The paper also seems primarily focused on Ross-like locations. Most ice rises have accumulation rates much greater than 0.1 m/yr. I think the paper would benefit from specific discussion of how well englacial temperature profiles would constrain timing of grounding in other locations than the Ross and Filchner Ronne – where the accumulation rates are greater. This would provide guidance of where it is promising to obtain englacial temperature profiles and where it is unlikely to be useful. My guess is that higher accumulation rates shorten the timescale that regrounding can be inferred for.
The paper should also discuss the impact of horizontal advection on the temperature profile. When can the effects of the upstream flow – starting with thicker ice, colder temperatures, and different accumulation rates (West Antarctica has weird accumulation gradients so it’s not obvious that being higher and colder also means less accumulation) – be safely neglected. A few forward runs based on Mercer Ice Stream and Crary would be useful to discuss this potential uncertainty qualitatively. It would be beyond the scope of the paper to include this in the inversion. I also wonder if the forward modeling in Figures 5 and 6 could be restricted to the thinner ice sites. Are there examples of 2500m thick grounding events (L405 suggests ice rises are general much thinner).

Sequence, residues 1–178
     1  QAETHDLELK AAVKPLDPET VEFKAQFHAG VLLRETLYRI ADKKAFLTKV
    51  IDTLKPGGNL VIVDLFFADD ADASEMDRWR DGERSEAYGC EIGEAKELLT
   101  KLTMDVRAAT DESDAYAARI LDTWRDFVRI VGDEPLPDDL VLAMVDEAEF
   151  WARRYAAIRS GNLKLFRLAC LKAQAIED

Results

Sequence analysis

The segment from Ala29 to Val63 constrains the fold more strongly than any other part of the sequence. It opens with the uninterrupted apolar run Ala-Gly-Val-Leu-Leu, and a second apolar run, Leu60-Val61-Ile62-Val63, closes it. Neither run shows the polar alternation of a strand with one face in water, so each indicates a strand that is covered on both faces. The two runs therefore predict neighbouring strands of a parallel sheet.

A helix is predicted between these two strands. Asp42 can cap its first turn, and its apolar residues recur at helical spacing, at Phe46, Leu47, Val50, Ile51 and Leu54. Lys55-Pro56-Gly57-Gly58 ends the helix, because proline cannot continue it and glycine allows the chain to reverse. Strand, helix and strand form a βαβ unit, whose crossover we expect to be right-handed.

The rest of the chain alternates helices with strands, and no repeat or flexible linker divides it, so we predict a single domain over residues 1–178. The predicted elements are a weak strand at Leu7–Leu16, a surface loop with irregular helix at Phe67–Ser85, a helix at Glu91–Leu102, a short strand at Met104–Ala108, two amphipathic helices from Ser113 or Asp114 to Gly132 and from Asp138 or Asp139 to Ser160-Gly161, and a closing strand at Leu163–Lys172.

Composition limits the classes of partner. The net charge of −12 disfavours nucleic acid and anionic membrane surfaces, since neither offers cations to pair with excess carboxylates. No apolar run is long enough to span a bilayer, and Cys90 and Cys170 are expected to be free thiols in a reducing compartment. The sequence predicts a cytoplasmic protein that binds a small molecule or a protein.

The paper should also be clear about the thermal properties being used. Regarding Table 1: I’m a bit confused by the values the authors have chosen for ice which I think is because the heat capacity and thermal conductivity values are switched. The heat capacity is chosen as 2.3 J/kg/K yet Cuffey and Paterson (2010) give the range of values between 0 and -50C as 2097 to 1741 J/kg/K. The factor of 1000 not withstanding, the chosen value does not fall within this range. Similarly for the thermal conductivity, the authors give 2000 W/m/K yet the Cuffey and Paterson range is 2.1 to 2.76 for 0 to -50C. It seems like the authors switched the values. The heat capacity of bedrock (assuming that the thermal conductivity of bedrock is actually the heat capacity) seems too low as well. Also, the authors should at the very least discuss the uncertainty of these values and the uncertainty of not treating them as temperature-dependent. It seems like this will be an important enough source of uncertainty to include in a paper about the uncertainty of dating ice rise formation with the englacial temperature profile, but maybe it isn’t.